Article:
Here the Court of Appeals concluded that the DMV did not receive “ ‘a properly executed affidavit required by subsection (cl)’ ” indicating petitioner’s willful refusal to submit to chemical analysis. _ N.C. App. at _, 698 S.E.2d at 188. Consequently, the Court of Appeals held that the DMV lacked authority to revoke petitioner’s driving privileges under N.C.G.S. § 20-16.2(d). Id. at _, 698 S.E.2d at 188. The Court of Appeals further held that, absent this authority, there was also no authority in N.C.G.S. § 20-16.2 for a review hearing or superior court review. Id. at _, 698 S.E.2d at 188.
Echoing the dissent, however, the DMV contends that the Court of Appeals erred in reaching these conclusions. The DMV argues that *233it has the authority to revoke petitioner’s driving privileges because petitioner was charged upon reasonable grounds with the implied-consent offense of driving while impaired, was notified of his rights under N.C.G.S. § 20-16.2(a) and willfully refused to submit to chemical analysis, and thus was subject to the consequences outlined in N.C.G.S. § 20-16.2(d). We disagree that the DMV had the authority to revoke petitioner’s license under these circumstances, absent an affidavit indicating that petitioner willfully refused to submit to chemical analysis.
N.C.G.S. § 20-16.2(cl) is clear and unambiguous. When a person refuses to submit to chemical analysis “the law enforcement officer and the chemical analyst shall without unnecessary delay go before an official authorized to administer oaths and execute an affidavit(s) stating . . . [t]he results of any tests given or that the person willfully refused to submit to a chemical analysis.” N.C.G.S. § 20-16.2(cl). In the instant case the officer swore out the DHHS 3907 affidavit and attached to that affidavit the DHHS 3908 chemical analysis result form indicating the test was “refused.” Yet, neither document indicated that petitioner’s refusal to participate in chemical analysis was willful. As such, the requirements of section 20-16.2(cl) have not been met.
Additionally, the requirements of N.C.G.S. § 20-16.2(d) have not been satisfied. The plain language of subsection (d) requires that the DMV receive “a properly executed affidavit” meeting all the requirements set forth in N.C.G.S. § 20-16.2(cl) before the DMV is authorized to revoke a person’s driving privileges under N.C.G.S. § 20-16.2. Here neither the DHHS 3907 affidavit submitted to the DMV, nor the attached DHHS 3908 form indicating a refusal, states that the refusal was willful. Consequently, the DMV lacked authorization to revoke petitioner’s license.
These conclusions are sufficient to dispose of the issue before us. Nevertheless, we address three additional concerns. One aspect of this case is particularly disturbing. Specifically, the affidavit sworn to by -the officer and sent to the DMV, which gáve no indication that petitioner’s refusal was willful, was later altered to indicate otherwise. We are not called upon today to determine the outer boundaries of what constitutes “a properly executed affidavit” under section 20-16.2(d) so as to enable the DMV to revoke a license for willful refusal. Nevertheless, we are quite confident that an affidavit materially altered outside the presence of someone authorized to administer oaths, or an affidavit that omits entirely the material element of *234“willfulness,” is not “properly executed” for the purposes of section 20-16.2(d).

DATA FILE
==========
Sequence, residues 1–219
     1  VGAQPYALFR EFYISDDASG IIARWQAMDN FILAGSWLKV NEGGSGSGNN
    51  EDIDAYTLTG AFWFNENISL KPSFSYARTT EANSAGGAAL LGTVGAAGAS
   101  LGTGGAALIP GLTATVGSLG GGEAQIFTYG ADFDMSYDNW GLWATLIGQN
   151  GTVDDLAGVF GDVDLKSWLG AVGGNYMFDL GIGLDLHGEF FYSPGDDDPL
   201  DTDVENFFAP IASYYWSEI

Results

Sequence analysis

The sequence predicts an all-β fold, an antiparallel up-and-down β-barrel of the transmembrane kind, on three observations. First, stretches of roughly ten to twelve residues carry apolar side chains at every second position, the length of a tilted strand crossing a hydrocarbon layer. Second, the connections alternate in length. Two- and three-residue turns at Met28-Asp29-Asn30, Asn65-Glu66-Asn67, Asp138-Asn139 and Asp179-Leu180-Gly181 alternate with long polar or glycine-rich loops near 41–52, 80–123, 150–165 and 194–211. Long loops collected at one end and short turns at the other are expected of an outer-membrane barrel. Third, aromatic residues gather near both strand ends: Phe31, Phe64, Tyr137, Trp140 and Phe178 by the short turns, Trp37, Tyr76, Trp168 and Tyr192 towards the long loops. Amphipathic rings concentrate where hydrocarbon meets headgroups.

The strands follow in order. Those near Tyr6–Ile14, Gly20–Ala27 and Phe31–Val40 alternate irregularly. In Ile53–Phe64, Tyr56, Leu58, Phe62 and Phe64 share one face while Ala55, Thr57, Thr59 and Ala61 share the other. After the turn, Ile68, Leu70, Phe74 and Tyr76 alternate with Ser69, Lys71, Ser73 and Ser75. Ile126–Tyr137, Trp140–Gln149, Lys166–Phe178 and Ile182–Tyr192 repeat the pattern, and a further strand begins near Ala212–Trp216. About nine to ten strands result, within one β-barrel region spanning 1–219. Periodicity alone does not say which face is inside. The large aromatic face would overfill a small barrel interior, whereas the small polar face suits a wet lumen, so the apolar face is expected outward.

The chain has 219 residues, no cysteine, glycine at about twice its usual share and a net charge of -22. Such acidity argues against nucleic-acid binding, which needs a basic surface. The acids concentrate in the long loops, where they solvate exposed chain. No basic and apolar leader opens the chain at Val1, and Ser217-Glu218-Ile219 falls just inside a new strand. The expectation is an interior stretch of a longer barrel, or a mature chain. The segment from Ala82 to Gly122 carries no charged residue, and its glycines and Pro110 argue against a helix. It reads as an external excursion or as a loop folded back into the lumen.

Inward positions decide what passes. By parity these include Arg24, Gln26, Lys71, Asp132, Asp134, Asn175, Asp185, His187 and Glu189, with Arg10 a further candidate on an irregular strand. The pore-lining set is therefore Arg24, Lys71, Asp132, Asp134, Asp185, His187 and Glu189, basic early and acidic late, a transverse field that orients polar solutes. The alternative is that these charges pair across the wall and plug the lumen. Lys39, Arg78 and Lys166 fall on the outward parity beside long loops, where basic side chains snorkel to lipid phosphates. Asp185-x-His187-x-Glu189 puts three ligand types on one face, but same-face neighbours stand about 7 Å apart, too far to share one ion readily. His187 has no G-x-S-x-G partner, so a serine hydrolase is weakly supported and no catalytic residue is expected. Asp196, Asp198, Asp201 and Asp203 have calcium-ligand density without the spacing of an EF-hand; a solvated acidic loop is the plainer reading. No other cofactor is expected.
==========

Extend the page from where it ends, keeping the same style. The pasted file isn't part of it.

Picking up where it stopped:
Second, while we are cognizant of the strong public policy favoring the removal of unsafe drivers from our roads, the DMV’s burden here was light. The DMV could have cured the deficiency in the affidavit by simply inquiring of the officer whether the affidavit contained an omission. If so, the DMV could have requested that the officer swear out a new, properly executed affidavit. Instead, the DMV took the position that the error described here was cured through a hearing the DMV lacked the authority to conduct. To countenance this interpretation would render meaningless the statutory requirement that the DMV receive an affidavit attesting to willful refusal before suspending driving privileges for that reason. See Town of Pine Knoll Shores v. Evans, 331 N.C. 361, 366, 416 S.E.2d 4, 7 (1992) (observing that this Court “follow[s] the maxims of statutory construction that words of a statute are not to be deemed useless or redundant” (citations omitted)). The DMV’s interpretation would also permit suspension of driving privileges for willful refusal without an evidentiary predicate. The suspended driver would then have to request a hearing to contest the State’s actions. Yet, if the driver failed to request a hearing, his driving privileges likely would be suspended even though the DMV never received evidence of willful refusal. This result is not contemplated in N.C.G.S. § 20-16.2. Simply put, the DMV lacks the authority to suspend driving privileges, or revoke a driver’s license, without some indication that a basis for suspension or revocation as required by N.C.G.S. § 20-16.2(cl) has occurred.
Finally, to hold otherwise essentially adopts a “no harm, no foul” analysis. Absent prejudice, so the argument goes, a statutory violation such as we have here may be overlooked. As we explain above, however, this case involves the DMV’s authority to act. This is not a case that turns upon prejudice to the petitioner.
For the reasons stated above, we affirm the decision of the Court of Appeals.